The economy of Egypt was a highly centralized planned economy focused on import substitution under President Gamal Abdel Nasser. In the 1990s, a series of International Monetary Fund arrangements, coupled with massive external debt relief resulting from Egypt's participation in the Gulf War coalition, helped Egypt improve its macroeconomic performance. Since 2000, the pace of structural reforms, including fiscal, monetary policies, taxation, privatization and new business legislations, helped Egypt move towards a more market-oriented economy and prompted increased foreign investment. The reforms and policies have strengthened macroeconomic annual growth results which averaged 8% annually between 2004 and 2009 but the government largely failed to equitably share the wealth and the benefits of growth have failed to trickle down to improve economic conditions for the broader population, especially with the growing problem of unemployment and underemployment. After the 2011 revolution Egypt's foreign exchange reserves fell from $36 billion in December 2010 to only $16.3 billion in January 2012, also in February 2012 Standard & Poor's rating agency lowered the Egypt's credit rating from B+ to B in the long term. In 2013, S&P lowered Egypt's long-term credit rating from B- to CCC+, and its short-term rating from B to C on worries about the country's ability to meet its financial targets and maintain social peace more than two years after President Hosni Mubarak was overthrown in an uprising, ushering in a new era.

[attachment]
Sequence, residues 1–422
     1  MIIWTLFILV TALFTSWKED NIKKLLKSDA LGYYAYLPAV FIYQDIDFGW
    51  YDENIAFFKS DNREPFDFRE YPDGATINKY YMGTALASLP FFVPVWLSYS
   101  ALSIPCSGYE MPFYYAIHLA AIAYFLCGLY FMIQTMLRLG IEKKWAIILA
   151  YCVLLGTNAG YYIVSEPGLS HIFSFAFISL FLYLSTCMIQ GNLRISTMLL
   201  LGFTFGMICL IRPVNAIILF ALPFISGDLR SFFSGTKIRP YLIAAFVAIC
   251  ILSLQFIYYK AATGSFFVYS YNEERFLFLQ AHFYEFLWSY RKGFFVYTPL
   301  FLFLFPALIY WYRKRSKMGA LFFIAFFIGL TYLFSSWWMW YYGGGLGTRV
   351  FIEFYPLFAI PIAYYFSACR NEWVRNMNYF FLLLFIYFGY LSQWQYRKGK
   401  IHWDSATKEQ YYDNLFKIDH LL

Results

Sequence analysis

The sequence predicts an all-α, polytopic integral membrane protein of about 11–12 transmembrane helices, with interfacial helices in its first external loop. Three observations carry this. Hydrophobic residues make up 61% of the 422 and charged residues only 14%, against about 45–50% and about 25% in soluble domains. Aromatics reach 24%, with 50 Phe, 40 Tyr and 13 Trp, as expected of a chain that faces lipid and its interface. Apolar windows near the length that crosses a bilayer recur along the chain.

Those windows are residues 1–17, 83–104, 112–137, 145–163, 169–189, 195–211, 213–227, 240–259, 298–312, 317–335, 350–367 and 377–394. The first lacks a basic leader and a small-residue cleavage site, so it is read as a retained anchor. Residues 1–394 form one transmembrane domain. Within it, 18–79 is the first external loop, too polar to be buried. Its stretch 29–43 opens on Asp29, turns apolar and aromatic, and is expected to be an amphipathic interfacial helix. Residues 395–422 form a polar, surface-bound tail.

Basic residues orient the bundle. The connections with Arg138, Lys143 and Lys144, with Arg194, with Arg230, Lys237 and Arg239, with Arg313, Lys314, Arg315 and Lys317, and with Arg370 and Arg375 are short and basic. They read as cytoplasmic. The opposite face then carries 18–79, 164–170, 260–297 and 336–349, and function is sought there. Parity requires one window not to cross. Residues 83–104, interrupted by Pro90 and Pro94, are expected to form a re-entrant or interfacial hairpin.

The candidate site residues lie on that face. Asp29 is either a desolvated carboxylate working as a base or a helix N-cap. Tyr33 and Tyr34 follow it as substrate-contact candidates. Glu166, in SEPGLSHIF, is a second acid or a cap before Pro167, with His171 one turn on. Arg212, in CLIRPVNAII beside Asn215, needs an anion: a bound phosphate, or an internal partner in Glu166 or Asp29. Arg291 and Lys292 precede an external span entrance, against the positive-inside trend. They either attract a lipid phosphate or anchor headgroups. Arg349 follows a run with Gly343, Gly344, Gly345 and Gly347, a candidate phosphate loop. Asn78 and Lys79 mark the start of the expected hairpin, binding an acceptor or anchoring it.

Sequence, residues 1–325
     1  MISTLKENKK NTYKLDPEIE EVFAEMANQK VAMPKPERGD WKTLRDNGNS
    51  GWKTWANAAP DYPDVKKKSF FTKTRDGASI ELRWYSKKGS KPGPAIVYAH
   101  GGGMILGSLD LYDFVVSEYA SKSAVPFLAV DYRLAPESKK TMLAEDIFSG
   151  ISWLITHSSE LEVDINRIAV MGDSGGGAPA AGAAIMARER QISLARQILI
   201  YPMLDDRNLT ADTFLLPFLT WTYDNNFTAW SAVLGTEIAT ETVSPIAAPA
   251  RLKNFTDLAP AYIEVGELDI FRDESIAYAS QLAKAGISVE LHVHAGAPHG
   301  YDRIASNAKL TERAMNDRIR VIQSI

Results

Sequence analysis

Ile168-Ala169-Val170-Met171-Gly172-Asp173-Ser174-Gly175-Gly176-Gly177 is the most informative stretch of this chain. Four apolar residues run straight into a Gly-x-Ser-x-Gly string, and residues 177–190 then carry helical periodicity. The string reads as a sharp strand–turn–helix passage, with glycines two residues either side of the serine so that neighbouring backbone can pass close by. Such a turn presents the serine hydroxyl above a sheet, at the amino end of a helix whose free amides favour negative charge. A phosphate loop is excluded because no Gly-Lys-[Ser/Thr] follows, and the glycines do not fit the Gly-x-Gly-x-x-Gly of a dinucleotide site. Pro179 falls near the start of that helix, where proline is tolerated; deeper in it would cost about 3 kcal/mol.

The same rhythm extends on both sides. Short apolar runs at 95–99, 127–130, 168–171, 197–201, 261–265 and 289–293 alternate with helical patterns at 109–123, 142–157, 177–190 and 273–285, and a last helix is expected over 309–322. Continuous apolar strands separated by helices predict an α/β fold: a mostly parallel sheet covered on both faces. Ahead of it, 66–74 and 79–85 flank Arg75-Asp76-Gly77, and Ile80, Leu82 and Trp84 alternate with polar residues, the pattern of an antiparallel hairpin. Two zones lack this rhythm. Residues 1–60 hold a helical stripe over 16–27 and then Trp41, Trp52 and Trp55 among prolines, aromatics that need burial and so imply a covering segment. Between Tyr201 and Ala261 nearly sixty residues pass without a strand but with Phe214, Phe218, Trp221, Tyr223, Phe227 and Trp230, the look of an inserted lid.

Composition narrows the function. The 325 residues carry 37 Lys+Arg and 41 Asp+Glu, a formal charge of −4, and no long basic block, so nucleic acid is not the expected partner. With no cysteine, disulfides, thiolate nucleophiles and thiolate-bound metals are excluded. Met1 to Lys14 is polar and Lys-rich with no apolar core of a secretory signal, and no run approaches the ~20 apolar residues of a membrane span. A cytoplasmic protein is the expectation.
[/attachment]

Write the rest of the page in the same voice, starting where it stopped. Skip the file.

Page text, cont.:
I   Healthcare